Why You Should Invest In Cast Iron Kitchenware

TRISH DESEINE has found the KITCHEN ACCESSORIES for all seasons, and shares THREE RECIPES to try while using them …

The-Gloss-Magazine-Trish-Deseine-food

 

Have you ever excitedly started unpacking a deluxe food processor from its polystyrene nest only to suspect with horror that even if you did have room for all the bits, you will probably never try each one? And have you ever dreamed of owning a magical cooking machine which would take away the stress of perfecting technique and with it, the risk of failure, and then become paralysed by the supposedly liberating, but ultimately daunting possibilities when you read the blurb?

I know home cooks blissfully happy with their Thermomixes but for me these machines put us too much at a remove from the vital enjoyment (not to mention control) of touching, smelling and seeing what’s going on. Gadgets that promise you instant chef-level skills are the cellulite-zapping wonder cream, the six-pack-in-six-days magic powder of cooking. It’s all very well and natural, as you cook and progress (or not) to identify the odd piece of equipment whose beauty or superior design will enhance the pleasure of a task already mastered, but never forget, the skill, the capacity, to cook lies in your mind, your senses and your hands. It is my firm belief, strengthened by witnessing many brimming-overs, flaring-ups, curdlings, carbonisings and downright explosions – that too much pro-equipment tomfoolery spoils the dinner – and sometimes the walls, the ceiling, the blowdry and the shoes.

I am in an intensely nomadic phase of my life. I’m hoping that phase will not stretch too far towards a decade, but for the moment, as my absolute core cooking equipment collection is housed in someone else’s already well-stocked kitchen, I have had to be very strict about what can and cannot fit in there.

Three items I have never been able to do without are my handsome cast iron casserole dishes (or cocottes in French) and my American cast iron skillet. Not only do they make cooking fun, they look perfect poised on the old range in my west Cork cottage kitchen. The pots are by Staub (available at Arnotts), the now cultish French manufacturer originally from Alsace. Created in the 1970s by French dandy and ex-actor Francis Staub, described in a New Yorker profile as having “the air of a lounge singer at peace with a hangover”, the company nearly disappeared after the arrival of microwaves. But in the 1990s (when my love story with it started) cast iron became popular again and Francis went on to handsomely sell out and enjoy life as a free man in 2008. I still remember a wonderful celebratory lunch with him and a lot of champagne in Deauville’s toile de Jouy-clad grande dame of a hotel, Le Normandy. Francis explained “la reaction Maillard” to me (the chemical reaction between amino acids and reducing sugars), why it and the quality of cast iron were so important to the flavour of braised dishes, and how the little nipples (there’s no other word for them, seriously) on the inside of his cocotte’s lids made the condensation from the ingredients drip evenly into the dish, rather than simply running down the sides.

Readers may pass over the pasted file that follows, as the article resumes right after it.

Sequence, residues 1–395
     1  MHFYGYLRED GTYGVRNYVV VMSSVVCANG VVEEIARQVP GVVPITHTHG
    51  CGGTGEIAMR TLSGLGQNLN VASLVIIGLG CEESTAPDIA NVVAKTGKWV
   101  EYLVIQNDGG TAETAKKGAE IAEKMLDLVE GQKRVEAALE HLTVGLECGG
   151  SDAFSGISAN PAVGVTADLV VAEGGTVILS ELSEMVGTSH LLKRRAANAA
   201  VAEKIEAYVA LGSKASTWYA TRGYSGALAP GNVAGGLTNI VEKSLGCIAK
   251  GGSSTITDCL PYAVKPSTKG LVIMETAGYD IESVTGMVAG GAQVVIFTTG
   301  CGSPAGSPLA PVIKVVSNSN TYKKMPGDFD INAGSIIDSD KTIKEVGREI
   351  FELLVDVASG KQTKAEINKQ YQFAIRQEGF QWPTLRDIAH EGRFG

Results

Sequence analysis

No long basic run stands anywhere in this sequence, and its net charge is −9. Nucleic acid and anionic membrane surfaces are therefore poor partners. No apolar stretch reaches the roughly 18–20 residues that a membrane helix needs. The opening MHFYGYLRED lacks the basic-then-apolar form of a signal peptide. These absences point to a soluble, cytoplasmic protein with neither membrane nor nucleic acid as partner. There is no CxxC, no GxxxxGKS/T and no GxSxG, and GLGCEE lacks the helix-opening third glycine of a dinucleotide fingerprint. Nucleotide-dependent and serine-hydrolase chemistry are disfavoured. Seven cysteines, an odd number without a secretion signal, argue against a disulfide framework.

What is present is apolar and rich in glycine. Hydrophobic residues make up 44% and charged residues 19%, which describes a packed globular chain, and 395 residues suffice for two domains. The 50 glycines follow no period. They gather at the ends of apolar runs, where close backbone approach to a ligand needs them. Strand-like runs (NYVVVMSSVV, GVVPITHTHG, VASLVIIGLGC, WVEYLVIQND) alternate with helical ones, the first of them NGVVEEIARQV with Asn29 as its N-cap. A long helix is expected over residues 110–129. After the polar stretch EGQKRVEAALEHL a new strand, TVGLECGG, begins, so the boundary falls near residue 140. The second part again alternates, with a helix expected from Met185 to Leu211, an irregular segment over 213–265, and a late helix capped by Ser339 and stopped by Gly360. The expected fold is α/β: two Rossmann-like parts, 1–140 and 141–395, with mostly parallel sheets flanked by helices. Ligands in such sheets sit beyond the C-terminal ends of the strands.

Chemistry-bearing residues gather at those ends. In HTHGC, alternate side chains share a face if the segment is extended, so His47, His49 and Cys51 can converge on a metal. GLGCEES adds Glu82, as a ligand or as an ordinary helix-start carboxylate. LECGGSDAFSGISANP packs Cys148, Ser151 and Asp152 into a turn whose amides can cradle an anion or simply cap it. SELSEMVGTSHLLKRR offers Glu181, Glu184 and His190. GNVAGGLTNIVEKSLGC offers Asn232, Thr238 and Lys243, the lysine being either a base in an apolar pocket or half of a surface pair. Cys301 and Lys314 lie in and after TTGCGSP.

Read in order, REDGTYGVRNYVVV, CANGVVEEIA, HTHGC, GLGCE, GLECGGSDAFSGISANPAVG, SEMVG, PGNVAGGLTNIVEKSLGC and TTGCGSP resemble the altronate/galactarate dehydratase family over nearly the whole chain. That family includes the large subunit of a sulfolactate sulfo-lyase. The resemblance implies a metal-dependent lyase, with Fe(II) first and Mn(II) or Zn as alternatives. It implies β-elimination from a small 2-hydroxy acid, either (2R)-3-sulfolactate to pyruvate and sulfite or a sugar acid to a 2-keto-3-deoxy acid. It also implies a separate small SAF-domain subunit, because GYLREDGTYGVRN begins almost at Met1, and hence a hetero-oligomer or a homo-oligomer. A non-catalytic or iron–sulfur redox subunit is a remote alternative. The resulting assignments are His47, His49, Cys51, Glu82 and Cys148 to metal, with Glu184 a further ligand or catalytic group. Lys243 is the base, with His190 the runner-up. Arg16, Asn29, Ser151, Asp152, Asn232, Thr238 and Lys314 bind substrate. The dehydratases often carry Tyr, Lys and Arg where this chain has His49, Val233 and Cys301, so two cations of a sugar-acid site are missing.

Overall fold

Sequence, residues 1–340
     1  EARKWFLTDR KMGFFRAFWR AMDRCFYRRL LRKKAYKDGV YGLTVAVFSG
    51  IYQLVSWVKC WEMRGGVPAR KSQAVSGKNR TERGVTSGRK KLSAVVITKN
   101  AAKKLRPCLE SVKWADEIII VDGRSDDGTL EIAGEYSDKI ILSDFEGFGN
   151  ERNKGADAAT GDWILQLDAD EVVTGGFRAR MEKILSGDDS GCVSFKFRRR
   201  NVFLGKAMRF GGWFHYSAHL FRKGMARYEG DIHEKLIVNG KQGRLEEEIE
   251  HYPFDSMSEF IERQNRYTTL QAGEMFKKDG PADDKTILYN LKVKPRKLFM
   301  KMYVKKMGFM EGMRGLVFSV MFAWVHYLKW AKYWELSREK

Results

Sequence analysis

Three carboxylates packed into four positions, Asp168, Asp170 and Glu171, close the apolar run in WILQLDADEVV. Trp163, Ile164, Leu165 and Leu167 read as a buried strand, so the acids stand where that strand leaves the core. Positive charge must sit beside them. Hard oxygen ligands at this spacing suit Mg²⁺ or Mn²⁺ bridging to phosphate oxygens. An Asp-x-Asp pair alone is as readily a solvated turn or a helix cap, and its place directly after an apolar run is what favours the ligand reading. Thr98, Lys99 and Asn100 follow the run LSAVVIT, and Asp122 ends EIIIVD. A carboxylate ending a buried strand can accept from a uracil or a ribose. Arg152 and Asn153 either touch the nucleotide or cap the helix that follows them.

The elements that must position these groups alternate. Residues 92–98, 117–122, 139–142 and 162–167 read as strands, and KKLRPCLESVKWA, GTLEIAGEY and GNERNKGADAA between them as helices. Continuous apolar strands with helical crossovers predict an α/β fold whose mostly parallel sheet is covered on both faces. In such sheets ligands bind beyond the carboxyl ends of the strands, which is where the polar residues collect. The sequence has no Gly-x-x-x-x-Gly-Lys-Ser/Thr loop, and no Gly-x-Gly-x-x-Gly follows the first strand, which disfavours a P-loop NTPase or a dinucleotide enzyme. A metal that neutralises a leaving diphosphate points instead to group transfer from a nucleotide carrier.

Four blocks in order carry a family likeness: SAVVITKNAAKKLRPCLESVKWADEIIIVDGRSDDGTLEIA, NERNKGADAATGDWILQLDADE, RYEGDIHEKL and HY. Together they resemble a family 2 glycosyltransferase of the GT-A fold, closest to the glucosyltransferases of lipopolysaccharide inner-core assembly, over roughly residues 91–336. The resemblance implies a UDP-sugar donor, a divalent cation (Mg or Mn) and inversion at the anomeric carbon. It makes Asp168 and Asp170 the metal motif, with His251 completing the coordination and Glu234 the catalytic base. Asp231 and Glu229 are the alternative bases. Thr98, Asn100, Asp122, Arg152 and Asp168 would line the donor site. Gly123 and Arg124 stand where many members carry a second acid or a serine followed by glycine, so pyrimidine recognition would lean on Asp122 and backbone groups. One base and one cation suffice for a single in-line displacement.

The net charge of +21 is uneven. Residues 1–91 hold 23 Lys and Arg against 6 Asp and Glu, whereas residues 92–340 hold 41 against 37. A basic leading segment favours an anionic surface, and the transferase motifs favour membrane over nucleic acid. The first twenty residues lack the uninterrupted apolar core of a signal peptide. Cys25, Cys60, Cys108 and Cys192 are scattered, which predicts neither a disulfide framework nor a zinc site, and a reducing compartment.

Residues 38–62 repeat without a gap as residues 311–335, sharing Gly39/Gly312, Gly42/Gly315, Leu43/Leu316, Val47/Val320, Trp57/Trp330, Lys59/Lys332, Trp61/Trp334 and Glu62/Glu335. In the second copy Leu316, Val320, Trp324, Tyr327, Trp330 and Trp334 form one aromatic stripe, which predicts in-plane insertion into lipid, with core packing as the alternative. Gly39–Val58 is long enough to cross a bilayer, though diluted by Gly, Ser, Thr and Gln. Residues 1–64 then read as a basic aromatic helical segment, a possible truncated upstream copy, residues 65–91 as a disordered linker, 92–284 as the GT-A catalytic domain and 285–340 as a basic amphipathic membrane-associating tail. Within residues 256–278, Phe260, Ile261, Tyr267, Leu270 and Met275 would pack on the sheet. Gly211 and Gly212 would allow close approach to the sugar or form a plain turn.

I love my cast iron pots and pans for their air of sturdy faithfulness and the fact that dishes past have all left their mark in the layers of seasoning. In an age where we have become obsessed with applying operating surgery-level hygiene norms to our own kitchens, my reassuringly crusty black pots give me faith in my own immune system. Pragmatically, they are handsome enough to go from hob or oven to the table – even skillets increasingly appear on our tables full of anything from curries to shakshuka to a super-trendy, puffy breakfast pancake, the Dutch Baby. Forget the plastic gadgets, if you haven’t already, it’s time to make a cast iron kitchen investment.